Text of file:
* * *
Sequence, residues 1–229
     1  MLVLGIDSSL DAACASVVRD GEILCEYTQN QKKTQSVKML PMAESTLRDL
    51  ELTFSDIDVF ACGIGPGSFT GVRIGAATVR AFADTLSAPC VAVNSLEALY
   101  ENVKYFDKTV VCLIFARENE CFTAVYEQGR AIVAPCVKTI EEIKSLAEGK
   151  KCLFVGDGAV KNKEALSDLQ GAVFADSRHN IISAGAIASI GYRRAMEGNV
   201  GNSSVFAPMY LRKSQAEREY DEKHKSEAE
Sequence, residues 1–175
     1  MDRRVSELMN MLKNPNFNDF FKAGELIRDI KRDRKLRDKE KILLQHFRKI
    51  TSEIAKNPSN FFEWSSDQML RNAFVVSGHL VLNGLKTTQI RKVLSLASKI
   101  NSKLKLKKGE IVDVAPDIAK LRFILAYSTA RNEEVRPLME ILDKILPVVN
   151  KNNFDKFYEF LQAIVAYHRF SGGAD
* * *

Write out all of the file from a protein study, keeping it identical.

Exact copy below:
Sequence, residues 1–229
     1  MLVLGIDSSL DAACASVVRD GEILCEYTQN QKKTQSVKML PMAESTLRDL
    51  ELTFSDIDVF ACGIGPGSFT GVRIGAATVR AFADTLSAPC VAVNSLEALY
   101  ENVKYFDKTV VCLIFARENE CFTAVYEQGR AIVAPCVKTI EEIKSLAEGK
   151  KCLFVGDGAV KNKEALSDLQ GAVFADSRHN IISAGAIASI GYRRAMEGNV
   201  GNSSVFAPMY LRKSQAEREY DEKHKSEAE
Sequence, residues 1–175
     1  MDRRVSELMN MLKNPNFNDF FKAGELIRDI KRDRKLRDKE KILLQHFRKI
    51  TSEIAKNPSN FFEWSSDQML RNAFVVSGHL VLNGLKTTQI RKVLSLASKI
   101  NSKLKLKKGE IVDVAPDIAK LRFILAYSTA RNEEVRPLME ILDKILPVVN
   151  KNNFDKFYEF LQAIVAYHRF SGGAD